- The Washington Times - Thursday, September 8, 2016

Terror attacks on the United States are an inevitability but Americans shouldn’t allow the threat to alter their daily lives, said former Homeland Security Secretary Tom Ridge in an assessment of the nation’s safety.

“The threat surface has changed, the number of actors has increased, the profile of those actors is significantly different from what it was Sept. 10, 2001,” Mr. Ridge said Thursday at a forum in D.C. hosted by The Atlantic. “There is an inevitability to the attacks. If you take a look at what has happened in France over the past six months, there is a variety of means by which they can inflict their damage.”

But he said Americans should consider the likelihood of an attack in the broader context of the types of dangers they routinely encounter every day, noting that there are approximately 40,000 traffic fatalities every year.

“After 15 years of reflection what I really think the county needs to do is accept the reality that it is a global scourge, accept the reality that it will probably happen again here,” Mr. Ridge said. “We have no idea how many times, there is no way to predict it. But put it in the context of everything else that happens to impact our lives in a very negative way in this country.”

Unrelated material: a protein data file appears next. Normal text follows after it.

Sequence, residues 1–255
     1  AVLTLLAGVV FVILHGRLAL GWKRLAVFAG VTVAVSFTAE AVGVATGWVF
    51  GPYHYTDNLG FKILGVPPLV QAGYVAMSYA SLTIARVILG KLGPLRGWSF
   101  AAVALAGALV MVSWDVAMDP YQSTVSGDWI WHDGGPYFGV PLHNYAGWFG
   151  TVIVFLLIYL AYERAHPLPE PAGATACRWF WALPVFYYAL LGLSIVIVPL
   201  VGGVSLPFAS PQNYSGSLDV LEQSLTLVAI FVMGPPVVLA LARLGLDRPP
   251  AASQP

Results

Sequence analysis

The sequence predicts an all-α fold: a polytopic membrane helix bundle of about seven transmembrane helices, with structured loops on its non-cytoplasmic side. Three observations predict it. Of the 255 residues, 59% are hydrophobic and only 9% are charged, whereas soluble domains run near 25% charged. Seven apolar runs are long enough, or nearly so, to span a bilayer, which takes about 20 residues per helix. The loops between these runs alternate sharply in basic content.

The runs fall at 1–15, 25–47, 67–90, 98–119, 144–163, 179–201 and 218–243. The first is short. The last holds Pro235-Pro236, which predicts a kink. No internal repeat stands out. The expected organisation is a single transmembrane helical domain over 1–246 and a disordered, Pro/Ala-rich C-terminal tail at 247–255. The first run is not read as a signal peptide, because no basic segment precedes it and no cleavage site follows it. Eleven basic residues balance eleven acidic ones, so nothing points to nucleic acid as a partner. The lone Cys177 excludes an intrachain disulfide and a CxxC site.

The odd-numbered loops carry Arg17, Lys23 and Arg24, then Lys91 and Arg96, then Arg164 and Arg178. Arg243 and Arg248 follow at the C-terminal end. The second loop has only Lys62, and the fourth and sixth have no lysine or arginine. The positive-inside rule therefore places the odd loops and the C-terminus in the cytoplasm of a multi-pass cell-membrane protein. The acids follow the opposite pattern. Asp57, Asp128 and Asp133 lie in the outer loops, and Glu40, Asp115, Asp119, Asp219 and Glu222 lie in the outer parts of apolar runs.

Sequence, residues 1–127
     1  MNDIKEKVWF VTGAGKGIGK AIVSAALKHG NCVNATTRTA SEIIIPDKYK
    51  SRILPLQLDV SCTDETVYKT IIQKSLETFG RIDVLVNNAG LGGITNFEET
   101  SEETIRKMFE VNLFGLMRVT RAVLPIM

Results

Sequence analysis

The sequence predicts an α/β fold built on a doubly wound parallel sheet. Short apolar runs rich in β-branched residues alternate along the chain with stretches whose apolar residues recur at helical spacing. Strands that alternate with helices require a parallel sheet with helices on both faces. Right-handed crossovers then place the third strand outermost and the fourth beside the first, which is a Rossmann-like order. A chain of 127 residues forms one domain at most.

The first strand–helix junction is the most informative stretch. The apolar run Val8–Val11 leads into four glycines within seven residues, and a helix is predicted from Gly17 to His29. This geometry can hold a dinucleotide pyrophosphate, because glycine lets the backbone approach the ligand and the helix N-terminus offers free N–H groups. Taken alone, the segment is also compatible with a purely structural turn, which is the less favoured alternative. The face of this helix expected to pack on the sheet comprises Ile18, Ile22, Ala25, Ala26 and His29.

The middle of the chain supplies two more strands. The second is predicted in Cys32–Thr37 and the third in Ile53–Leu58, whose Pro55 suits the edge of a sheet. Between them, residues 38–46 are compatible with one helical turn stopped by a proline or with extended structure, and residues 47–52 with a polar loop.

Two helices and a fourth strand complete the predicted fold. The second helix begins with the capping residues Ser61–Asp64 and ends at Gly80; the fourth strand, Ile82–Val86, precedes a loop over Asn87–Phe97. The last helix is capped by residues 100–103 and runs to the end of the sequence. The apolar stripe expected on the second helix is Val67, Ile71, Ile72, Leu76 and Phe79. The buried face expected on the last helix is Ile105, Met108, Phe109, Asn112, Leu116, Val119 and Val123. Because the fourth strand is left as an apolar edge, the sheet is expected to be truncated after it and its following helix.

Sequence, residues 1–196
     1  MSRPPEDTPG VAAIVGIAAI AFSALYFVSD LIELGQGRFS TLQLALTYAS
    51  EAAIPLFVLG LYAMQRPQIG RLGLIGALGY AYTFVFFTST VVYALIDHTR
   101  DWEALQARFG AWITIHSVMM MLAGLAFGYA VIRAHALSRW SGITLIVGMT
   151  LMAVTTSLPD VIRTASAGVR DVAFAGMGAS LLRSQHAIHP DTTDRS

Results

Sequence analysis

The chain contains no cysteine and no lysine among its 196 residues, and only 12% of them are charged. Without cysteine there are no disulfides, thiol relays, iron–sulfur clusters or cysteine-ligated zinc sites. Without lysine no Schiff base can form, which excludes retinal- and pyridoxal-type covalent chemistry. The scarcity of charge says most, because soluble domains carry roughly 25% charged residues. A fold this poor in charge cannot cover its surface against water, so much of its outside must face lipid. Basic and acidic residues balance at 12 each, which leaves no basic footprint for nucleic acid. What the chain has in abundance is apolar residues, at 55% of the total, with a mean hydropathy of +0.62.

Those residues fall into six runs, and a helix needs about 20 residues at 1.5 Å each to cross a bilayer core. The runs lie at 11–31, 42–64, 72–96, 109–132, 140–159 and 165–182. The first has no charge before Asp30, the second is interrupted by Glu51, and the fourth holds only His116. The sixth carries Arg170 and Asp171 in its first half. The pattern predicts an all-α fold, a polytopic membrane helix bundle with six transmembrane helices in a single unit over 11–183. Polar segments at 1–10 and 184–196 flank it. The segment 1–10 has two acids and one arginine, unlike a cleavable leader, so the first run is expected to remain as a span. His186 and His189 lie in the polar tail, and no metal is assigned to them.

The nation’s first secretary of Homeland Security, who served from 2003 to 2005, said there are still security gaps that need to be fixed, but by and large, 15 years after the Sept. 11 terror attacks Americans are “safer now than we’ve ever been.”

“I’m not trying to say the pain and suffering of a terrorist attack isn’t significant, isn’t real. It is,” he said. “But I want America to dial down some of the hyperbole and the hyperventilation. I don’t want us to be breathless about this.”

Speaking alongside Mr. Ridge, current Homeland Security Secretary Jeh Johnson noted the symbolism of the federal government’s return to One World Trade Center in New York, which will be commemorated in an event Friday.

“We are a remarkably resilient country in ways we don’t always appreciate,” Mr. Johnson said.

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